24Options Refocus on additional retirement issues Beneficiaries updated/correctLegacyLife insuranceIn addition to the death benefit provided, some policies can guarantee replacement income if either primary wage earner diesHealth care and long term careIn addition, let’s refocus on other basic retirement issues such as:Beneficiary forms. Are they updated and correct?Legacy wants and desiresLife insurance – in addition to the death benefit provided, some life insurance policies can guarantee replacement income if either primary wage earner dies. Many families now typically have two key wage earners. One spouse may need to replace the other’s income during retirement if something were to happen.And finally, let’s discuss health care and long term care potential issues or concerns.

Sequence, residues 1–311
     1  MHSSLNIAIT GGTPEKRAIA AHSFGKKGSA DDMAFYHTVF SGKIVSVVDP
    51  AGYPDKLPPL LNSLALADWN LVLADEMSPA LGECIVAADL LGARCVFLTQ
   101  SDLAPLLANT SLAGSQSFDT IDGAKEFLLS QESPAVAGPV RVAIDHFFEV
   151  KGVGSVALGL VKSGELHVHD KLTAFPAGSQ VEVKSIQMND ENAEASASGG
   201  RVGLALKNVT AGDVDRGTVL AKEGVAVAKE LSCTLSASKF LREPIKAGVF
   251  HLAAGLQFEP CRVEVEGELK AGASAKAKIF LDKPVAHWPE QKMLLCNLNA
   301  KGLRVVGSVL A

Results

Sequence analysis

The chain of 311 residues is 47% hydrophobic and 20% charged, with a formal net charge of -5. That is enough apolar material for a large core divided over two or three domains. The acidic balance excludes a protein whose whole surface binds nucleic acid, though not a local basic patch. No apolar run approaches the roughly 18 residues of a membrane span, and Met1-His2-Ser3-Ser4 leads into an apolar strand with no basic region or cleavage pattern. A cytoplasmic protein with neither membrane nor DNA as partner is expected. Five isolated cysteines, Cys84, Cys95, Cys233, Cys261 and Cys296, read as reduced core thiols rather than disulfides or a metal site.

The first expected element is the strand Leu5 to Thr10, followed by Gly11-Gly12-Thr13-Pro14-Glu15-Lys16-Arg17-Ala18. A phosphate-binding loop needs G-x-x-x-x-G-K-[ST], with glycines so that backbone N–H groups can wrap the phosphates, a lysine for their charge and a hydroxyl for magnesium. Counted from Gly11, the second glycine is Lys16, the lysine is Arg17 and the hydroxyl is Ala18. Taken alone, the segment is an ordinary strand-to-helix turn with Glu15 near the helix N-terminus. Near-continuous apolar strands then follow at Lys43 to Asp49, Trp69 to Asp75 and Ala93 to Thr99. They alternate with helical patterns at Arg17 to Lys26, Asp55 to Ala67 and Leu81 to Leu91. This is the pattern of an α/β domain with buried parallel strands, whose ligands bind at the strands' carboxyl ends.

25Options Retirement accumulation stage Retirement accumulation stage Retirement income stageFinancial objectiveHave enough money to retireAsset allocationPortfolio allocationRetirement planning can be divided into two distinct stages: the accumulation stage and the retirement income stage.CLICK (text appears in Accumulation Stage). The accumulation stage is where many people concentrate. In this stage, you are saving and investing for retirement. The overall financial objective throughout this stage is, of course, to have enough money to retire. When thinking about your assets and investments, you may be concerned about portfolio allocation—getting the highest possible interest for the amount of risk that is taken. Most people know exactly when they would like to retire, so the time horizon is generally known. The challenge is to accumulate as much money as you can, and still live comfortably enough to meet your current needs and goals, between now and the established retirement date.Time horizonKnown to retirement